Winter Brings Industry Boosts
Old Man Winter is creator of the best incentives. Nothing drives pellet sales like weekly snow dumps, an ice storm and now a record cold snap (minus 5 degrees Fahrenheit as I write). Visits to big box retailers show bagged pellets moving out the doors as quickly as possible, on the shoulders of big men or in carts pushed by strong women, being dropped into pickup boxes and car trunks. At Walmart, bags of pellets are $3.90! Can’t beat it with a stick.
Our members are happily reciting the “be careful what you wish for” maxim. A pellet manufacturer in northern Maine said, “After making pellets all summer, back in October I thought I had overdone it. Now I wish I had made even more.” A fuel distributor who added pellets to his product line stated, “Last year, I was only running my new pellet truck part of the time, and wondering. Now my driver’s out straight-scheduling deliveries to keep up with my customers—a major challenge.”
To top it off, our multiyear investment of time at the state capitol just came home. In September, our state’s energy agency, Efficiency Maine, had funded 50 grants of $5,000 each to homeowners installing pellet-fueled or geothermal central heating. As previously reported, our customers grabbed all but three of the slots within 48 hours of the announcement. Now, having surveyed program results, Efficiency Maine has just lifted the $250,000 total cap. Now all homeowners who qualify—and most do—can obtain the same $5,000 rebate for installation of a bulk-delivered pellet boiler system. The incentive is to last “until the Home Energy Savings Program funds are exhausted,” in the words of the Efficiency Maine announcement.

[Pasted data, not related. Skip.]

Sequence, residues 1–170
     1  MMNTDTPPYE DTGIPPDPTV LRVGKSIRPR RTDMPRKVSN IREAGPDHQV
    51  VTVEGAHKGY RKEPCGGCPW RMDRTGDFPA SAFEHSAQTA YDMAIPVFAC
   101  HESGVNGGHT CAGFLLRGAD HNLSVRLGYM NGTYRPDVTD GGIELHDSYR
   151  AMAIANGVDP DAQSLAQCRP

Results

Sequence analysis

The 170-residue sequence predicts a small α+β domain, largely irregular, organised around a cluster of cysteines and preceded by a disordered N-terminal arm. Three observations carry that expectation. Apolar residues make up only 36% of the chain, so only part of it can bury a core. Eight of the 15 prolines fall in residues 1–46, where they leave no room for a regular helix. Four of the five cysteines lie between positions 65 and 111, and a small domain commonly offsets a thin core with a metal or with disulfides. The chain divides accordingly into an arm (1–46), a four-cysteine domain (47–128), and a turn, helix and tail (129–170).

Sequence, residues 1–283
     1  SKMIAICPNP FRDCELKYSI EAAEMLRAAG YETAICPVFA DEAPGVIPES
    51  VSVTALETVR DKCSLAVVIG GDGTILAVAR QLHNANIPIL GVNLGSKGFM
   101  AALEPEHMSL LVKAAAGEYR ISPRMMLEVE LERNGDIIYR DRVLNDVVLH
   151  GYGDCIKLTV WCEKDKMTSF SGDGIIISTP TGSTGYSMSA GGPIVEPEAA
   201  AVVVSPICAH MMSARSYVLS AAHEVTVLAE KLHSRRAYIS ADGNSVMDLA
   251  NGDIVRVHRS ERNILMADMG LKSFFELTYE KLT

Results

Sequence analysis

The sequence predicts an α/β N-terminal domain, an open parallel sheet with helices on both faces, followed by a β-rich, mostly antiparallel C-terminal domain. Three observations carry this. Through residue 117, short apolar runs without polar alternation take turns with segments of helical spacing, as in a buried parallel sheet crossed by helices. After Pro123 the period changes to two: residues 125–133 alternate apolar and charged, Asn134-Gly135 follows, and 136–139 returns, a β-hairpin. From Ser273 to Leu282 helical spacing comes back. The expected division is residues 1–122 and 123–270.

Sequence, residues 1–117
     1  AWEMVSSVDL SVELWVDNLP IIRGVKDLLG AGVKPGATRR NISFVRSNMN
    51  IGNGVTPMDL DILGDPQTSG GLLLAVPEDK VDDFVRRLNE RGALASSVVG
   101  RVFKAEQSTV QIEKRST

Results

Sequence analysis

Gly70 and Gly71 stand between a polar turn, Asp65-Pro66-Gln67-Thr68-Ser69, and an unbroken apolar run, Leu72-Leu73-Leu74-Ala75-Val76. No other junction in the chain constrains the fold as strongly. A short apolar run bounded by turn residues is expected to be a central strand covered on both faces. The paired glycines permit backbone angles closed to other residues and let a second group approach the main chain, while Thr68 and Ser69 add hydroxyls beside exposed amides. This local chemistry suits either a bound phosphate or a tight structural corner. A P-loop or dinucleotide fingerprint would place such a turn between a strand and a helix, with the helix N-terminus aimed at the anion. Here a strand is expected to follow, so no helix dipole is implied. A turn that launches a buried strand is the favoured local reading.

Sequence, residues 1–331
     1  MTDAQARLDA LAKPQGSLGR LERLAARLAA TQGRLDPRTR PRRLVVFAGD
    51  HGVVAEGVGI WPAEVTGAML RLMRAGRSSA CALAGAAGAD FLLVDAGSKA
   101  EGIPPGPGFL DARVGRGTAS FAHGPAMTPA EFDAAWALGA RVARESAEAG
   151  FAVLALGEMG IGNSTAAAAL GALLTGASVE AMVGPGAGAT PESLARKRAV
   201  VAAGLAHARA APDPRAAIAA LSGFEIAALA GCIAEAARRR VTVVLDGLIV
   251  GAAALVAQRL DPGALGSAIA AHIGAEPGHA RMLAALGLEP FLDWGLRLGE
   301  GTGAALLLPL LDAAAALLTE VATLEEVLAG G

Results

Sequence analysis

It now becomes our association’s job to work with Maine’s governor and legislature to see that the funding stream is maintained, at least until financial incentives are no longer needed to introduce our proven technology to homeowners.
We’re not yet at the promised land. Not hardly. We’re not even doing as well as neighboring New Hampshire, where thermal heat is being added to the state’s Renewable Energy Portfolio Standard and where incentives for putting pellet boilers into commercial locations were just announced, adding to the state’s well-established incentives for residential pellet heat. Maine’s paper industry continues to consume huge amounts of forest fiber—which is a good thing—making sourcing pellet wood a continued challenge. In fact, it is unofficially reported that one of Maine’s four pellet mills is changing ownership to a large logging firm which, like the successful Maine Woods Pellet Co./Linkletter logging firm in Athens, Maine, will have the advantage of having its own fiber.
Regulatory issues are always there, of course. The Maine Fuel Board has now reversed its earlier refusal to extend its pilot program which allows one firm some considerable flexibility in meeting the licensure requirement for pellet boiler installers. In addition, the board has created a broad-based pellet boiler group to review the entire set of regulations, which were written before our industry was even on the map. The recent first meeting of this pellet boiler group quickly reached consensus that the existing regulations and installer licensing provisions are almost totally irrelevant. To quote the official meeting summary, “The group members discussed the contents of the board’s rules, which …have very little to do with the installation of pellet boilers.” A major and time-consuming rewrite appears necessary.
In the meantime, let it snow!
Author: Bill Bell
Executive Director, Maine Pellet Fuels Association